The deputy prime minister has said a delay into the publication of the inquiry into why Britain went to war in Iraq could lead the public to think it's being "sexed down".
"If the findings are not published with a sense of immediacy, there is a real danger the public will assume the report is being 'sexed down' by individuals rebutting criticisms put to them by the Inquiry, whether that is the case or not," Nick Clegg wrote in a letter to Sir John Chilcot, who chairs the inquiry into the UK's role in the war on Iraq in 2003.
Clegg noted that when the inquiry was launched in 2009, then prime minister Gordon Brown told parliament the report would be published in 2010.
But months after it was announced that the inquiry has now cost in excess of £10 million, The Guardian has reported that the report will not be published until after the election.
Chilcot will exchange a series of letters with the prime minister tomorrow detailing why the inquiry cannot be published before the general election in May.
"The public have waited long enough," Clegg wrote in his letter, noting that "members of the public, soldiers and their families affected by the war are still waiting for closure".
Only weeks earlier, Conservative MP and former shadow home secretary David Davis said it was "totally unacceptable" that the report had not already been published.
"Whatever the hold-ups and political wranglings that are delaying publication, the time has come to publish or be damned," he said. "The suggestion that the report will be delayed until after the election, if it is not ready to be published by the end of February, further damages the inquiry's credibility and undermines the final report."
Clegg's full letter to Chilcot is below:
I read your letter providing an update on progress with the Inquiry you chair into the United Kingdom's role in the 2003 invasion of Iraq.
I was disappointed to read its content, however, and find it extremely frustrating that the findings of this Inquiry will not be made public in days and weeks, but potentially months.
When the independent Inquiry was first set up in 2009, the then Prime Minister Rt Hon Gordon Brown MP stated in the House of Commons that the final report would be published within a year.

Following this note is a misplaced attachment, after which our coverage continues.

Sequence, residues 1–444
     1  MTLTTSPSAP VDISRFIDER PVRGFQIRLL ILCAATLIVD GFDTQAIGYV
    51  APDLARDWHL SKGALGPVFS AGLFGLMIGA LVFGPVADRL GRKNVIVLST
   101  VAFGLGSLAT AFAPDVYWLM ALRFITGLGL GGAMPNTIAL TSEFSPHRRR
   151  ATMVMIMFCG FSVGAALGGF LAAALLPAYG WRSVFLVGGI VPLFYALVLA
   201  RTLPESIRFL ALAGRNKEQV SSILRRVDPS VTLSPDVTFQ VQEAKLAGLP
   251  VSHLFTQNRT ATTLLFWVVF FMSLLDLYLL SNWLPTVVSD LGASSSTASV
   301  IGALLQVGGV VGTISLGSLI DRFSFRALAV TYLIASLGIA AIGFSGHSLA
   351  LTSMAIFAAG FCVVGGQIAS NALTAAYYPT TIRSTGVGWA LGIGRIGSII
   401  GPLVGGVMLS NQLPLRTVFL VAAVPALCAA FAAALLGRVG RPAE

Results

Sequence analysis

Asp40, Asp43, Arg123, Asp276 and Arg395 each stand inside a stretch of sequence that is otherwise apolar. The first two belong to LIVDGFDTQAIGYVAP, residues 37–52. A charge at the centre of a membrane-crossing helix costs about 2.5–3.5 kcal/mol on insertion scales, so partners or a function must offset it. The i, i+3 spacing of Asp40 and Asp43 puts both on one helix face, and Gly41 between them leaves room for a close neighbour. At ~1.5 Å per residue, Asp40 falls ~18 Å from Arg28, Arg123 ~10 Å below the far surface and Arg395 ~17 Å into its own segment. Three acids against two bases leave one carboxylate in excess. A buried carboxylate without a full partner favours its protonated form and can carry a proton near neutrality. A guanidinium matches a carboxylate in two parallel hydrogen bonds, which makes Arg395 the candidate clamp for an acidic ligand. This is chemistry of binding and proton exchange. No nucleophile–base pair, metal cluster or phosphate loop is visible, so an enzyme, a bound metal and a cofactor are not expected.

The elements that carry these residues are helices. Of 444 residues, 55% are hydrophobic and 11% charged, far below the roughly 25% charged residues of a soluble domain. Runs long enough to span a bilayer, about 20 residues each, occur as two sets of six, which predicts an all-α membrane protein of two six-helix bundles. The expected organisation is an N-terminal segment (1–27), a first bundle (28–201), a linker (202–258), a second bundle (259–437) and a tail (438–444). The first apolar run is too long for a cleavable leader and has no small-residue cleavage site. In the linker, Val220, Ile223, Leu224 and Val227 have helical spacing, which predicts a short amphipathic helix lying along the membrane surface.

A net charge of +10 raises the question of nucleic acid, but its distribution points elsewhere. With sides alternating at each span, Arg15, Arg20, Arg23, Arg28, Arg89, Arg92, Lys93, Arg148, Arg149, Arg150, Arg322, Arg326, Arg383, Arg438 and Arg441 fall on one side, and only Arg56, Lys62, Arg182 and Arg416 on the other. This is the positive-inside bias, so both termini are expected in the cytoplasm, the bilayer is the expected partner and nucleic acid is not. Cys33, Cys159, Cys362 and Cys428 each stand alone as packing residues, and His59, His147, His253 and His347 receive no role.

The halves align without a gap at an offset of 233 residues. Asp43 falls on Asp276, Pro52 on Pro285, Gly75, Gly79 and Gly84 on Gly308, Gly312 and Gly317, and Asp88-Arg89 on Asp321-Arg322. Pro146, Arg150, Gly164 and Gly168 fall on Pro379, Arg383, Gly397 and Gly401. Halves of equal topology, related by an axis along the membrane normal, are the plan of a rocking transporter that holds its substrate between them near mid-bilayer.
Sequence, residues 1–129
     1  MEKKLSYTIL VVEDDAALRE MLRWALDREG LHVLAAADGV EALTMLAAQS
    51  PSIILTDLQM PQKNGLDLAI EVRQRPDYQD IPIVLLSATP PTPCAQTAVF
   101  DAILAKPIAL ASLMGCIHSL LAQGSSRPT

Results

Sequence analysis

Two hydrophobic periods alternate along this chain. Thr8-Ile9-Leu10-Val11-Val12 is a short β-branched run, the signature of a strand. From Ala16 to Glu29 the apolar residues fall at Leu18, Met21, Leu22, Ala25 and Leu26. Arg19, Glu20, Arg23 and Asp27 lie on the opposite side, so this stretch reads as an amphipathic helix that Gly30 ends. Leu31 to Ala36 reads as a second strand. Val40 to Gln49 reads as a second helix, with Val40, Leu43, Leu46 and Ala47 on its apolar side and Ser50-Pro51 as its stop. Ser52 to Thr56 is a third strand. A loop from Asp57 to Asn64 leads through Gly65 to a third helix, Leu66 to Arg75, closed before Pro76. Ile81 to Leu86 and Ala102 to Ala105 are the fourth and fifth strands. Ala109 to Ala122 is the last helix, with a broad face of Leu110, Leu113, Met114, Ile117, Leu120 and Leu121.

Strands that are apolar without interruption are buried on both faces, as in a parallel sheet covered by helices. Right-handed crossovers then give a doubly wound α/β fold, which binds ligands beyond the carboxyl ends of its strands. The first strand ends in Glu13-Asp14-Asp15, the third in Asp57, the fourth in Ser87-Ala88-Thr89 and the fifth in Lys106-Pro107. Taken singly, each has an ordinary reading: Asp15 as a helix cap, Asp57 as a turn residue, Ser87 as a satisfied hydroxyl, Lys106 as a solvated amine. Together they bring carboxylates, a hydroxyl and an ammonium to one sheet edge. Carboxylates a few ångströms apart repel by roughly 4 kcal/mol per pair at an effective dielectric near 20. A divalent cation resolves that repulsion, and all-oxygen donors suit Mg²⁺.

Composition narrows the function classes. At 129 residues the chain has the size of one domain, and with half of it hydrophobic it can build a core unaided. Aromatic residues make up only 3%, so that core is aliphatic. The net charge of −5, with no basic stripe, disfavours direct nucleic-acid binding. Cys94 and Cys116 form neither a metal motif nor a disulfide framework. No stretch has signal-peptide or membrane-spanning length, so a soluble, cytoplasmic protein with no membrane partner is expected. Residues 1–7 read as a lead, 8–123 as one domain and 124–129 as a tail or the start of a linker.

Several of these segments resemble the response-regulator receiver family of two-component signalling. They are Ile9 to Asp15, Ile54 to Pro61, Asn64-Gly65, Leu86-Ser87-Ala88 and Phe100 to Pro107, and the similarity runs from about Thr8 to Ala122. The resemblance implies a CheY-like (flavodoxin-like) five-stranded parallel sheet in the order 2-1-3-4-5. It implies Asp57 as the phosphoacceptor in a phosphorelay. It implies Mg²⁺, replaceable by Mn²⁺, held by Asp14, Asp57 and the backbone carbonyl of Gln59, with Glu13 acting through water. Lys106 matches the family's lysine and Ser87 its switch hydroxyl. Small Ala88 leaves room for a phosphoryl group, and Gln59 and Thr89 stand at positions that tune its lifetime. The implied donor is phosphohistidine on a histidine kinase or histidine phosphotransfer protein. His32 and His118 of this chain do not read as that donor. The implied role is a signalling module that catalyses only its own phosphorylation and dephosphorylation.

However nearly six years on members of the public, soldiers and their families affected by the war are still waiting for closure.
I welcome your efforts to ensure the inquiry has been methodical, rigorous and fair in its approach. I also support your efforts to allow individuals criticised in the report to see the draft criticism and make representations to the Inquiry before publication.
However neither administrative processes nor a constant back and forth between the Inquiry and witnesses criticised should frustrate an independent report so important to the country's future from being published as soon as possible.
The public have waited long enough and will find it incomprehensible that the report is not being published more rapidly than the open ended timetable you have now set out.
We need to see a much clearer and more defined timetable, known publicly, with strict deadlines and a firm date for publication.
If the findings are not published with a sense of immediacy, there is a real danger the public will assume the report is being 'sexed down' by individuals rebutting criticisms put to them by the Inquiry, whether that is the case or not.
The Inquiry into Iraq will both resolve the issues of the past, and set the tone for future British foreign policy. We cannot wait any longer for these lessons to be learned.
Rt Hon Nick Clegg MP
Leader of the Liberal Democrats
Siraj Datoo is a political reporter for BuzzFeed News and is based in London.
Contact Siraj Datoo at email@example.com.
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